Do you think that will happen or is it always going to be a challenge?
I think that the proof is in the pudding. What I'm trying to do now is bring in a lot of proof of concepts and working with different areas of the organization that historically we haven't worked with -- IT and the whole business architecture side of things.
I think that's part of the culture change; we've always been more siloed. I think we're becoming more circular, if you will, instead of siloed and I think that's great.
What has been your biggest triumph?
On the personal side, becoming a mother is one of my biggest triumphs. I have two kids and I never thought I’d be a mom. I've always been that wandering crazy soul.
Professionally, being the global maintenance and reliability leader for a major pharmaceutical company -- that's been really a great accomplishment for me. Designing and implementing predictive programs and changing the culture in organizations -- I've done that in two organizations now and I really like that. I like changing the whole dynamic of an organization to see this whole reliability and maintenance world is something different than what it's always seen as.
And the IoT thing is really going to be a major accomplishment for me. I'm really putting in a lot of blood, sweat and tears into this to try to make this a reality. I think pulling this off as a global project is something that I'll always treasure as an accomplishment.
In terms of reliability and maintenance, how is it different in other countries? Is the United States behind or ahead?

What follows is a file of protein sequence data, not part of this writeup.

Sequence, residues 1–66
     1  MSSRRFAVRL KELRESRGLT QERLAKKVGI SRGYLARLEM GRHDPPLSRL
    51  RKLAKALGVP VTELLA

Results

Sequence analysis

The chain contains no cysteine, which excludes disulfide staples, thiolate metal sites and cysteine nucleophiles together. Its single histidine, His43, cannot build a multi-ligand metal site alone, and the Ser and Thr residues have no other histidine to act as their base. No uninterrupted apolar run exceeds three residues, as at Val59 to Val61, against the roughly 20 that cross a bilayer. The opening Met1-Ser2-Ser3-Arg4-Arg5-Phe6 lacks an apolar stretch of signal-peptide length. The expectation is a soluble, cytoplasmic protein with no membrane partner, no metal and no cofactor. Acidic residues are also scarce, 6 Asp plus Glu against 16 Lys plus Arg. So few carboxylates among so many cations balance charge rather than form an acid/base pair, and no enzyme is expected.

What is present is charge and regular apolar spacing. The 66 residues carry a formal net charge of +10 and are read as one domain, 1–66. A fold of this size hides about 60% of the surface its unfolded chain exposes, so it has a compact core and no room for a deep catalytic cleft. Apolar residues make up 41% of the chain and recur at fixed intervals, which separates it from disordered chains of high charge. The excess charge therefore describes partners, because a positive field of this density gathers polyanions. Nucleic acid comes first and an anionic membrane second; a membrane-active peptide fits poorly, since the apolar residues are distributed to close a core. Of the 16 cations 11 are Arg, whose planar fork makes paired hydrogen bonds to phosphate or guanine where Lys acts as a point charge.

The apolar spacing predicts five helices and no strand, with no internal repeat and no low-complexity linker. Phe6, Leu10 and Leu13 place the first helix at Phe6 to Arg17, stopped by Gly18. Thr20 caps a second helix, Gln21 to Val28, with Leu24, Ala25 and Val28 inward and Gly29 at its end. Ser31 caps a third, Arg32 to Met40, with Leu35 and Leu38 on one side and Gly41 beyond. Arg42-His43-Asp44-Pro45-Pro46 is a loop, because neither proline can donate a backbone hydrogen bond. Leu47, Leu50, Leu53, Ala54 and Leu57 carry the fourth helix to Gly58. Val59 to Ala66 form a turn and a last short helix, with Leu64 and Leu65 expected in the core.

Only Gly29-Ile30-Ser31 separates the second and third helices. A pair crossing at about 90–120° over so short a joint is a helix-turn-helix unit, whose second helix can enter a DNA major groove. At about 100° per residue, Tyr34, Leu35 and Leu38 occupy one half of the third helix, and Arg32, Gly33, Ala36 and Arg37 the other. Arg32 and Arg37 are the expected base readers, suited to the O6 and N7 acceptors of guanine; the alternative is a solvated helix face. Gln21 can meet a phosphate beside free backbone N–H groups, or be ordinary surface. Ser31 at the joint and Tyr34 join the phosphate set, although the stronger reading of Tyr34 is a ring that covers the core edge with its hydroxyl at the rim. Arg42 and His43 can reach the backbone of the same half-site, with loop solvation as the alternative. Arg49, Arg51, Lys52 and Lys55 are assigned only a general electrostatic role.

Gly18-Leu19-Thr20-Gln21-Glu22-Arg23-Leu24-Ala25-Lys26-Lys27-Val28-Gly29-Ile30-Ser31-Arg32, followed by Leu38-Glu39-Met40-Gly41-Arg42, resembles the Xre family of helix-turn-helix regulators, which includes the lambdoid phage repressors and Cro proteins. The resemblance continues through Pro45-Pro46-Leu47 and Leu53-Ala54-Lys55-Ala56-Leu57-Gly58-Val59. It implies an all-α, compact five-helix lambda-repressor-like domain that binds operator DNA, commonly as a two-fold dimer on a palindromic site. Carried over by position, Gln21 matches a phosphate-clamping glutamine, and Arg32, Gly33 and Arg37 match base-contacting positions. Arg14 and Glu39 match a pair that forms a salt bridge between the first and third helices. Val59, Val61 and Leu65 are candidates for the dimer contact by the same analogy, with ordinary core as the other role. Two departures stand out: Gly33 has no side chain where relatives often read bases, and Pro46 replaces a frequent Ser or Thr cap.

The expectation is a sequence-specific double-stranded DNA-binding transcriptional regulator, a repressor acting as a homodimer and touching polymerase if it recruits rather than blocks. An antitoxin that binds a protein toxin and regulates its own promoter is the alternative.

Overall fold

I think in terms of how it's viewed, maybe a little behind in the maintenance aspect in some ways. In Europe, I think they see it from the maintenance standpoint more as an equal. As far as the forward-thinking reliability focus culture, I think we're very far ahead. It’s just packaged a little differently as you go from country to country.
You served in the army. What was your rank? And do you feel that your military background has helped you with what you're doing now?
I think it has helped me to compartmentalize and be able to lead in a way that inspires people. You have leaders and then you have managers. Well, anybody can tell somebody what to do, but you have to be able to inspire the people who are underneath you. You have to be able to explain what it is that you're trying to do in a way that will make them want to follow you.
I started out as E1, the lowest level rank in the Army and worked my way up through being a company commander and as a captain. I’ve seen poor managers and leaders and I’ve seen some very, very good leaders. I wanted to pattern myself after those good leaders and try to have some of those attributes and utilize those in industry and it's served me very well.
It’s performance under pressure and I actually thrived on that and I think that's one thing that the army taught me is how to deal with that.
What are the biggest lessons or themes that emerge from mentoring?
In terms of mentoring, these kids come out with a very, very good skill set. They come out with attention to detail, but are still lacking in some areas. But I didn't have all the skill sets either. It's still that hands-on aspect that has to be learned. It's not something that can be taught in a book.